Evan Prodromou has talked and presented previously about the Commercialisation of wikis (good round-up here, slides here). He identifies four different wiki business models:
- Service provider (Wikispaces, Wetpaint, PBWiki) [business model: either supported by ads, e.g. Google ads, or charge for hosting the wiki]
- Content hosting (wikiHow, Wikitravel, Wikia) [business model: mostly advertising, e.g. Google ads]
- Consulting (Socialtext) [business model: supported by income from wiki consulting for enterprises]
- Content development (WikiBiz) [business model: create pages for a fee]
The reason I bring this up is that a couple of weeks ago I started doing some work for a wiki-based start-up, that is trying to work out a different business model to the above, but also based on wikis.
This model would financially reward people who contributed to the wiki, with a share of profits from the business. A proportion of revenue generated would be set aside, with the purpose of rewarding people who usefully participated in the wiki, and added some value to the wiki (either as users, or administrators, or as programmers). The revenue would come from selling things directly through a website associated with the wiki (as opposed to hosting other people’s ads). The wiki would drive traffic, and the direct sales would generate revenue. They’re essentially trying to work out a structure that would share the rewards based on contributions to a wiki. In addition to this, the content would probably be free content (most probably licensed under either Creative Commons or GFDL).
So for example, suppose hypothetically the Star Wars Wookieepedia had a shop associated with it that sold Star Wars merchandise and doo-dads. People would go to wiki because it had good content, and whilst there they might buy a trinket. Part of the reason they bought that trinket, was because the wiki had good content to make them come there and find the associated shop in the first place. So essentially the two things support each other – the things being sold are relevant to the wiki, and the part of the profit from the things being sold goes to support the people who made a kick-ass wiki.
The question is: How do you structure this so that it works, and so that, as well as being free content, as well as being part of a community of wiki users, so that people who contribute good content are also financially rewarded somehow if the site is successful? After all, it’s the users who generate the content, so if it’s a for-profit endeavour, why shouldn’t they also share in the reward if it does well?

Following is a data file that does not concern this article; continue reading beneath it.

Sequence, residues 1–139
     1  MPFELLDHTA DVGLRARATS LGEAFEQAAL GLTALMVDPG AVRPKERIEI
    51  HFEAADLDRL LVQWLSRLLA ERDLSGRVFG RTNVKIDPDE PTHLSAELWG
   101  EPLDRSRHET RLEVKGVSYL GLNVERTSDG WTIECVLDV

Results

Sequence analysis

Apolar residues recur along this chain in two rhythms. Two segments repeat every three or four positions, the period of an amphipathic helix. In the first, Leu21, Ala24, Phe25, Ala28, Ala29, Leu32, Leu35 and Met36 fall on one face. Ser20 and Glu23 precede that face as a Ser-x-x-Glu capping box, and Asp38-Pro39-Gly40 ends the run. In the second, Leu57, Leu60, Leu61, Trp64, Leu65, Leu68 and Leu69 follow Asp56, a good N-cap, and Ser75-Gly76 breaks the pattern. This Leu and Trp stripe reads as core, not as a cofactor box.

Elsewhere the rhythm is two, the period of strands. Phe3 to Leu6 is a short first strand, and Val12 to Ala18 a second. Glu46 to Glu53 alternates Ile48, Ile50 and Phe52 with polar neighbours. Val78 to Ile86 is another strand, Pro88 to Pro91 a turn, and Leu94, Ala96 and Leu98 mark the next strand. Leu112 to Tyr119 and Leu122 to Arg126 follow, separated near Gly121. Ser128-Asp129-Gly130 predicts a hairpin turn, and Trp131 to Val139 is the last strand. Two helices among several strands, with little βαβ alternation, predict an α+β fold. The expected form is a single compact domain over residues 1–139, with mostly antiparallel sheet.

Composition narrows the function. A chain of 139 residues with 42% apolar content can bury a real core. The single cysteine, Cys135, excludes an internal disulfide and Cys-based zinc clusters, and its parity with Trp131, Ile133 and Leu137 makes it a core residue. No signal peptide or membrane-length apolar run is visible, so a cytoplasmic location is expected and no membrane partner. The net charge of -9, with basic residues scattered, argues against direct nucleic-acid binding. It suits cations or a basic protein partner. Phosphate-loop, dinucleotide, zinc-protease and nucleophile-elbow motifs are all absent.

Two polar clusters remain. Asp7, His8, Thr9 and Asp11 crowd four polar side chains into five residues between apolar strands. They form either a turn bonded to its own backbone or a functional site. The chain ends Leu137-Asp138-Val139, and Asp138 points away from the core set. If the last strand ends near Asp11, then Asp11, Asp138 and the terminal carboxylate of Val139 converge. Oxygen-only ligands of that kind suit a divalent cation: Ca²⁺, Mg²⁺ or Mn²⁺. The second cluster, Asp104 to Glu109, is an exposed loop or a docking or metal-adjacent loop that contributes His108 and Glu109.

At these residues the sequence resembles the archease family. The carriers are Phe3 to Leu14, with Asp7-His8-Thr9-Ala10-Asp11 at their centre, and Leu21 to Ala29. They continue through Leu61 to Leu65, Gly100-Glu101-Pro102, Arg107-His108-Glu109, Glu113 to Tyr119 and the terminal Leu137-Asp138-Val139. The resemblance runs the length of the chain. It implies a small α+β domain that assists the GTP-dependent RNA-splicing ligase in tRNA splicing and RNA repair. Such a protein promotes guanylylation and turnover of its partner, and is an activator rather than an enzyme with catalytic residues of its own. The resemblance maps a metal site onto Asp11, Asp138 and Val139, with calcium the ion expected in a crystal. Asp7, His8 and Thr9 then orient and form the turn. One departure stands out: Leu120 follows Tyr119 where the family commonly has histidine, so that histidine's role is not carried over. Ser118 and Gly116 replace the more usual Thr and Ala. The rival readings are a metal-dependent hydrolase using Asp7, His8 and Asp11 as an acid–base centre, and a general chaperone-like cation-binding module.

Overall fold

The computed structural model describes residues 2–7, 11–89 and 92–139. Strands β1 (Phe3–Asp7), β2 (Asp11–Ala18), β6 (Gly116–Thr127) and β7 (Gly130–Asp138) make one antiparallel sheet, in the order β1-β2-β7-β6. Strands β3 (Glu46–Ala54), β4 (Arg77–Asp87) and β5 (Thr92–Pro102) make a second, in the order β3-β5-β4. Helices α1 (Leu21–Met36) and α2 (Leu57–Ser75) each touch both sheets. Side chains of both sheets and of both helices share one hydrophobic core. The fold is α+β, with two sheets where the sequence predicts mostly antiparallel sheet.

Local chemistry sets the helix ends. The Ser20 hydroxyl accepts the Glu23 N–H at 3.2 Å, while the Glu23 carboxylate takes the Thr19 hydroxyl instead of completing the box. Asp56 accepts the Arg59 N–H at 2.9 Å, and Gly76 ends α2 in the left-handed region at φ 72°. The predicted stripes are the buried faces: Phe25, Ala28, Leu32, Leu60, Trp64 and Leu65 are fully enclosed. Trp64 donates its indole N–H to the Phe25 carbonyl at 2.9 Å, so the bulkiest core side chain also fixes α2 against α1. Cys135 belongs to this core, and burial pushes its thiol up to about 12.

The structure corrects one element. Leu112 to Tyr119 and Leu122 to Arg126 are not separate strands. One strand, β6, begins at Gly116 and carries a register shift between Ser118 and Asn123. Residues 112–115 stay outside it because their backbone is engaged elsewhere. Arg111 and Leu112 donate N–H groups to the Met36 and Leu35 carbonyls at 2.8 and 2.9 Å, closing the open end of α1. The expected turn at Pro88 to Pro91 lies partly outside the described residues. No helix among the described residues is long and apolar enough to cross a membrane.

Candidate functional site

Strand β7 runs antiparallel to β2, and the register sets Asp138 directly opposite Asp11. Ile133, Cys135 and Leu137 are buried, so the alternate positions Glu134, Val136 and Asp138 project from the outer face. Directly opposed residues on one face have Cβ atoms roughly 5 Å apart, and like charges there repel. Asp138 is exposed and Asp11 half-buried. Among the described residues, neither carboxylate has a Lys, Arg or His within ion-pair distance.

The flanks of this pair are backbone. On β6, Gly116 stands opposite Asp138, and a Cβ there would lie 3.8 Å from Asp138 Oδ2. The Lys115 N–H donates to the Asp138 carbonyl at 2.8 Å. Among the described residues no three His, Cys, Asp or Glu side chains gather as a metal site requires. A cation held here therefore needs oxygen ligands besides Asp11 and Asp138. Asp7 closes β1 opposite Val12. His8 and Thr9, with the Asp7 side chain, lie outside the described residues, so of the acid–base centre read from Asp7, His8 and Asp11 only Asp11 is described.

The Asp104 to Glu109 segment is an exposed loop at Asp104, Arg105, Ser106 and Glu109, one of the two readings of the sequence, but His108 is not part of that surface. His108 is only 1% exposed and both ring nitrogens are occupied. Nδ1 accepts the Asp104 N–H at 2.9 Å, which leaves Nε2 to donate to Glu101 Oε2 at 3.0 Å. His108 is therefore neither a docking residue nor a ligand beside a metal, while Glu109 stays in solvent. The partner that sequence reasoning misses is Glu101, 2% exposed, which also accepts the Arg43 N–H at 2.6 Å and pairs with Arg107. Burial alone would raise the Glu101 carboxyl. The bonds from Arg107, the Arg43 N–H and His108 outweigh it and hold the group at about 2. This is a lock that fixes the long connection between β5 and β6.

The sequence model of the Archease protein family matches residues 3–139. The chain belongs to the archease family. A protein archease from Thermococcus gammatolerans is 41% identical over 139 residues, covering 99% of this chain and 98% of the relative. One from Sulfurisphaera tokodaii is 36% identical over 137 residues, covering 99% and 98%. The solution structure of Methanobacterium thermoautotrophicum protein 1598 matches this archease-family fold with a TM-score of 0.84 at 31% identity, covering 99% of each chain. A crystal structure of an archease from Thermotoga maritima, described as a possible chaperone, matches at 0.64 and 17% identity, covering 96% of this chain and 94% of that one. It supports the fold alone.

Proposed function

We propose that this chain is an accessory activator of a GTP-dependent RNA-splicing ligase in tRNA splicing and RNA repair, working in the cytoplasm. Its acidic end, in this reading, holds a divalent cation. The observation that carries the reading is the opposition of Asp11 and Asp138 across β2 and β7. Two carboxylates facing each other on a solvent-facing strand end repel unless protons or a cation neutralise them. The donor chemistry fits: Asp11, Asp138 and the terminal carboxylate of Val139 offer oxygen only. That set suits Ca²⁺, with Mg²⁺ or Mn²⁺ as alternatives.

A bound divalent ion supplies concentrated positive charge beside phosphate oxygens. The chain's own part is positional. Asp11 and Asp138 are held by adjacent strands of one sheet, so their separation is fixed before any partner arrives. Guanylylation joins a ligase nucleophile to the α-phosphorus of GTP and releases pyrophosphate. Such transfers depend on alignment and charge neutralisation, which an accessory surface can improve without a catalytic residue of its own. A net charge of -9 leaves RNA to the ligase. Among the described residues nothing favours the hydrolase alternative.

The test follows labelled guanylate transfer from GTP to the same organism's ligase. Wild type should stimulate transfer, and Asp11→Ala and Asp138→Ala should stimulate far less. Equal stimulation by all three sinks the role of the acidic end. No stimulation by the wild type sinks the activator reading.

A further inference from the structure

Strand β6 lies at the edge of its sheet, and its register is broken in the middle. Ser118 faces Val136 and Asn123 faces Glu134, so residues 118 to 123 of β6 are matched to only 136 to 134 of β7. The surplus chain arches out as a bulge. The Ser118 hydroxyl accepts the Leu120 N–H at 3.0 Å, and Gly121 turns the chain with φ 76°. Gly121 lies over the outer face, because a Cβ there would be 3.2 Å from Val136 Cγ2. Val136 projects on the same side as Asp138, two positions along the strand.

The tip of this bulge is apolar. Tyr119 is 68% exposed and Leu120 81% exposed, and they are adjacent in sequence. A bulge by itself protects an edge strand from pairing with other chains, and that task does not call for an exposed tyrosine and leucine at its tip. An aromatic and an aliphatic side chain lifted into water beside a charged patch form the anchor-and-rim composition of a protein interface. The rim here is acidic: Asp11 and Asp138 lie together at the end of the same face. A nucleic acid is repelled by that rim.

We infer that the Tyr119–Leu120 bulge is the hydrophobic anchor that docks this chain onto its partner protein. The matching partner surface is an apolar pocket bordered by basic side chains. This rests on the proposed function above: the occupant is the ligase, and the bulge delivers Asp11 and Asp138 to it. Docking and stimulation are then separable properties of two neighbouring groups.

Working out how to reward, and who to reward, though is quite tricky. Any system should be fair, and transparent. One possibility would be to have a requirement that users be logged in (so from the article history you know who made which edits), that they have an email address (so that you can contact them), that they have at least 100 edits (probably not much point bothering below a certain number of edits), that they not be blocked (since if there were blocked, they probably did something destructive). Then you could use a blamemap or something like IBM’s history flow tool, to work out which user was directly responsible for what percentage of the current content in any given article. And you could multiply this by some metric based on how valuable a page was (e.g. number of page views, or number of sales in the shop that originated from that page). Repeat for every page on the wiki, and then you can work out what percentage each user contributed to each part of the wiki, and any share of profits could be proportional to that number. At least, that is one possible model.
So my question is this: Do you think this model could work? If yes, why? If not, why not? Could it be improved? If so, how? Could it be simplified? Or is there a better model – preferably something other than Google ads?